Information and communications technology (ICT) may be viewed as the key technology of the 21st century. According to a report published by the Technische Gesellschaft Zürich, over 80% of current jobs in Switzerland require more or less thorough knowledge of ICT. Healthcare, finance, transportation, the machine industry, chemistry – i.e. all the technology-based professions – would by now be inconceivable without ICT.
It would therefore seem logical for informatics to also play a significant role in schools. Yet this is not the case: ICT education is close to non-existent in Swiss schools. With the exception of the canton of Solothurn, at the level of compulsory education there are few content-related directives and even fewer obligations to provide classes in media education and informatics. At gymnasium level, informatics is only offered as an elective course. Even the “Lehrplan 21” (the planned common curriculum for compulsory education in German-speaking cantons) involves no major changes: in its structure, informatics only appears in a subsection.
The term “informatics education” covers the academic topics linked to computers: informatics, computer technology, ICT applications and others. This terminology, which originated in Germany, allows for a comprehensive view of relevant educational contents relating to ICT and for the formulation of coherent and level-appropriate educational concepts.
Informatics education aims not only to train pupils as users but to turn them into veritable agents.
The STEM Careers Barometer is a Swiss study investigating several questions based on the sister study by the German National Academy of Science and Engineering (acatech). Its main objectives are to determine people’s motives for choosing or rejecting studies or a career in the STEM subjects, to gain insights into how students and those employed in STEM areas perceive their study routine or career progression, and to examine whether interest in studying STEM subjects at school has changed over the years. Any divergences from the results of the acatech study Career Barometer for Science and Engineering are also of interest. For this reason the concept and methods used in this study closely followed those of the acatech study. In the STEM Careers Barometer, three groups of people were surveyed in German-speaking and French-speaking Switzerland in summer 2012 by means of questionnaires. These groups were: school pupils at secondary stages I and II (N = 3,507), students of STEM disciplines, and also for comparison of economic sciences (N = 1,598), and people in employment, again predominantly in STEM areas (N = 945). Generally it can be stated that the results of the Swiss survey align with those of the German study in many areas.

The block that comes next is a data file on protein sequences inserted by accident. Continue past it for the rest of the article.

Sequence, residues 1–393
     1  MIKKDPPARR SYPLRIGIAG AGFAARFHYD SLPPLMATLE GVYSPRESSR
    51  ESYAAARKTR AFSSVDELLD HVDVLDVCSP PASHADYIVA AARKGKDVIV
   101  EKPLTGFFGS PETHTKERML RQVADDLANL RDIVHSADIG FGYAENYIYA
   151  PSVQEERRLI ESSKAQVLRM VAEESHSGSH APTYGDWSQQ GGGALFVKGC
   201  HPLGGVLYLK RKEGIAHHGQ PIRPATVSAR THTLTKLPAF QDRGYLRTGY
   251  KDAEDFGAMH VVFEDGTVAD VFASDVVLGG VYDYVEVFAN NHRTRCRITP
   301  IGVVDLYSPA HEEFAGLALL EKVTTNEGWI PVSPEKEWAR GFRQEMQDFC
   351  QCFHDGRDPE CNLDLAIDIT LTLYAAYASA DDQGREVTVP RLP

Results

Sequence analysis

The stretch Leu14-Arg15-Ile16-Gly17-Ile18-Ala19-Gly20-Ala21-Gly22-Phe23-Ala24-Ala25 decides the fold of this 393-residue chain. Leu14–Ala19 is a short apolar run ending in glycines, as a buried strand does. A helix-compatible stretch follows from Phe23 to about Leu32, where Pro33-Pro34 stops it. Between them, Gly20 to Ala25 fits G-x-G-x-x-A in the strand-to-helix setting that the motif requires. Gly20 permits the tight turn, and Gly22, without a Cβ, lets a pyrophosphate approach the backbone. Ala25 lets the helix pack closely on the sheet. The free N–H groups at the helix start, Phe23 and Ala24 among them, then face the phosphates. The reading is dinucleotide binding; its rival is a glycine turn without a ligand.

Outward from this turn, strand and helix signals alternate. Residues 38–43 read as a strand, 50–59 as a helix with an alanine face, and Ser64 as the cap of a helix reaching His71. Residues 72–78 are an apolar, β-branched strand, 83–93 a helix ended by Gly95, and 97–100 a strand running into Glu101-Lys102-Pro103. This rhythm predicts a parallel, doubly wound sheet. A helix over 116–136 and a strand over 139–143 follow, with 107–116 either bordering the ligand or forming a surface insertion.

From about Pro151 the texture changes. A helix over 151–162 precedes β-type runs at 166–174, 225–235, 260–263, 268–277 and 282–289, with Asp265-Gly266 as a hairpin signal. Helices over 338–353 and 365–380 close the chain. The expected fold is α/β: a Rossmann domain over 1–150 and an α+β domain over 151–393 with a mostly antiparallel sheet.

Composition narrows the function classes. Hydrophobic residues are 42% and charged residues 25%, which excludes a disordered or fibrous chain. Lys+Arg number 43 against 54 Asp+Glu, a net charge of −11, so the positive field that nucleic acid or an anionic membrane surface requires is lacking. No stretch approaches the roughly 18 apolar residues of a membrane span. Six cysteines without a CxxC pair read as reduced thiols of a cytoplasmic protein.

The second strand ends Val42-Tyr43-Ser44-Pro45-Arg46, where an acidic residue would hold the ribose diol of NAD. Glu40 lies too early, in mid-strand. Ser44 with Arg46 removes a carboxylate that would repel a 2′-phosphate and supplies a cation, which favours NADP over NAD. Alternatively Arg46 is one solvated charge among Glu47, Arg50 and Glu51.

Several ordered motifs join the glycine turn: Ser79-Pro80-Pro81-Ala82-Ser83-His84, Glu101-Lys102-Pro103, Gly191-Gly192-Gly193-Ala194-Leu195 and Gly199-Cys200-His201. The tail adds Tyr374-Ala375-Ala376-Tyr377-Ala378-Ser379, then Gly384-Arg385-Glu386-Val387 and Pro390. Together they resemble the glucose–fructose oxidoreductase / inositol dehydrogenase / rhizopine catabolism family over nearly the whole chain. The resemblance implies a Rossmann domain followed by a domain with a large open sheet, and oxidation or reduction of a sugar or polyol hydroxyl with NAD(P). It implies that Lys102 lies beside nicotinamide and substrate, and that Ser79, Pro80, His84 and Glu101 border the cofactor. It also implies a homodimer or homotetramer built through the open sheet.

This brochure gives an insight into the current implementation of Circular Economy at national level by presenting three country case studies and their different approaches to achieving the same goal of a more sustainable planet. China, besides being a huge economy, has the political power for a top-down approach to shape a completely restructured industrial and social system. Germany on the other hand is subject to external constraints in the form of EU directives along with national, regional and local demands. Finally Switzerland adopts a step-by-step approach based on finding solutions through the involvement of all stakeholders. In the section Analysis and Comparison, the three countries are investigated according to a number of indicators and consideration is given to the kind of indicators that could serve for a meaningful annual audit of countries’ Circular Economy performance. In the concluding section we give recommendations for possible future actions to take relevant steps towards the vision of a Circular Economy.
Die Veränderungen der Informationstechnologie durch Cloud Computing (CC) birgt ein grosses Potenzial für Innovationen und Effizienzsteigerungen in sich. Diese sollen in allen Sektoren der Schweizer Volkswirtschaft bestmöglich genutzt werden. Entsprechend hat die SATW-Themenplattform ICT im April 2012 einen Workshop unter Experten zum Thema CC durchgeführt. Als Resultat wurde ein White Paper aus der Perspektive der Schweiz mit einer Situationsanalyse, Fokusthemen und einem Aktionsplan zum Thema Education Cloud erstellt.
Die Studie soll Chancen und Defizite aufdecken, um sicherzustellen, dass die Schweiz eine führende Rolle in der Thematik übernehmen wird.
In der Schrift erörtern die Autoren die prinzipiellen Möglichkeiten zur Förderung des erneuerbaren Stroms und analysieren diese in knapper Darstellung. Alle vier untersuchten Förderinstrumente (Einspeisevergütung, Bonusmodell, Quotenregelung und Ausschreibungen) zeigen dabei Stärken, aber auch Schwächen und es gibt keine einfache Regel für die Wahl eines solchen Instrumentes. Es zeigt sich aber doch, dass – eine weitsichtig planende Politik vorausgesetzt – bei längerfristig stabilen Fördermassnahmen die grossen Ziele für 2030 erreichbar sein sollten.